“Or is Herbalife selling stuff to Herbalife salespeople who are selling it to Herbalife salespeople who are selling stuff to Herbalife salespeople and so on until the salespeople run out of other salespeople to recruit and it turns out that Herbalife products have no real market other than the distributors that are part of this pyramid scheme?”
Bill Ackman believes the answer to the latter question is “Yes, this one”. Because “distributors earn 10 times as much from recruitment as they do by selling the company’s overpriced products to bona fide retail customers”.
And Herbalife’s response is mostly:
“That’s scandalous and outrageous. Agreed – about 78% of our members buy product from us and we have no idea if they on-sell it or use it for their own consumption, but at least they get to benefit from our wholesale discount. And how do you know that they’re not selling it for profit? And oh yeah – this is NOT a pyramid scheme!”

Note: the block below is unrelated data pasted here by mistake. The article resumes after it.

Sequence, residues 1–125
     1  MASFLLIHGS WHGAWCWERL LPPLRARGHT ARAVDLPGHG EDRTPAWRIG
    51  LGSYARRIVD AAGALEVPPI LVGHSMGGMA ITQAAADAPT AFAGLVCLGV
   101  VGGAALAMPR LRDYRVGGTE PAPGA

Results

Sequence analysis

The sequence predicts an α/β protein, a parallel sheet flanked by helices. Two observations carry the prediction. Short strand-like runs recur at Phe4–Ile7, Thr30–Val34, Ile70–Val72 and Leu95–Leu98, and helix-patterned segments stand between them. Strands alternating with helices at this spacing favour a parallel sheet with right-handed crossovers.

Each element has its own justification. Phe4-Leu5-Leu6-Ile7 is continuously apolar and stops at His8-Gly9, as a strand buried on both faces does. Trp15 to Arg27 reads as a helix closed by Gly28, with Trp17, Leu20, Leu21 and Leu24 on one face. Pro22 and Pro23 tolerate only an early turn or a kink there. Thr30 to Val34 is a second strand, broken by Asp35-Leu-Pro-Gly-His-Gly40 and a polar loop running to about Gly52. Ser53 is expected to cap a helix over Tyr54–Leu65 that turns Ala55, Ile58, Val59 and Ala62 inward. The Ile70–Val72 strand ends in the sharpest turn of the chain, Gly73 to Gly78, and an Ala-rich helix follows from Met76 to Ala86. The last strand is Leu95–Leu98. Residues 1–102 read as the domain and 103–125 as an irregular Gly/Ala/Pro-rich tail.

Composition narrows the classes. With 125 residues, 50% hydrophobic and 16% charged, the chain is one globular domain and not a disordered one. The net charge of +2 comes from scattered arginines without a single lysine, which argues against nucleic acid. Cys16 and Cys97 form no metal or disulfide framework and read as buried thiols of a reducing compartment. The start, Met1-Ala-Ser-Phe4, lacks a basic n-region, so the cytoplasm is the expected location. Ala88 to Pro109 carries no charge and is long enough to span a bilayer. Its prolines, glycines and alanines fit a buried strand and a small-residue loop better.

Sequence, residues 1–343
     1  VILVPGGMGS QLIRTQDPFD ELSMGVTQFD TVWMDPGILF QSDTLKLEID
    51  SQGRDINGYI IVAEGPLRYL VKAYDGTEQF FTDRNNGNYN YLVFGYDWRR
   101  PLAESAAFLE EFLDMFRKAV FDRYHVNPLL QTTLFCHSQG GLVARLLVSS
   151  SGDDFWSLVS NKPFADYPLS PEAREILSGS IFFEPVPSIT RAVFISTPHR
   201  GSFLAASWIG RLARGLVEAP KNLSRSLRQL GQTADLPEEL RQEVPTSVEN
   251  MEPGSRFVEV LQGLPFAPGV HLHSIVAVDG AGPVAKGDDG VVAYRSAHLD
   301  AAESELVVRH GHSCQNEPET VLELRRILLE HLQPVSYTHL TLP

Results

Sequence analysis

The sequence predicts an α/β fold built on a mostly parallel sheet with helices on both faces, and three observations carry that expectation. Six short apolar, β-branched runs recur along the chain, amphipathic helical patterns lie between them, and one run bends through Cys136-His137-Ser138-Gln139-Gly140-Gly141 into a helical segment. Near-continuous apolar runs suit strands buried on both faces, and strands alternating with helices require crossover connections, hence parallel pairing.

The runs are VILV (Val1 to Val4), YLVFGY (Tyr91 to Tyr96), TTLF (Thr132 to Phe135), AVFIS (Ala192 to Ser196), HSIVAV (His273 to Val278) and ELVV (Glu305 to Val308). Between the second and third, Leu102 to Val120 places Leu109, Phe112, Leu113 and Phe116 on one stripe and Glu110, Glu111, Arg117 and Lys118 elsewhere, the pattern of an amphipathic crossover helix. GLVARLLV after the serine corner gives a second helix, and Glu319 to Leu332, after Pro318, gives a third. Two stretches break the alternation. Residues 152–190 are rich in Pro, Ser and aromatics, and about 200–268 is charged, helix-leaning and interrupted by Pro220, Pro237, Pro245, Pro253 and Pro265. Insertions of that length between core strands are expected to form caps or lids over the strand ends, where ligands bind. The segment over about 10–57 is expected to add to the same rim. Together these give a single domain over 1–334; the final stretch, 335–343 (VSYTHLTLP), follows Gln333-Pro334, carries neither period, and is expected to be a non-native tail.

Bill Ackman’s presentation last Tuesday was, well, underwhelming. Sure – he compared Herbalife to the Nazis and got all choked up when he started talking about his great-grandparent. But he did nothing more exciting than that.
And embarrassingly, the Herbalife share price went up by 25% during his presentation.
So you might think that Bill Ackman is dead in the water… And in the red by plenty of margin.
Here’s another question though
Why is Herbalife not suing Bill Ackman for defamation?
Sure – a civil litigation suit would give Mr Ackman discovery rights, and access to internal financial data that he currently doesn’t have… But if he’s so clearly wrong, then what’s the problem?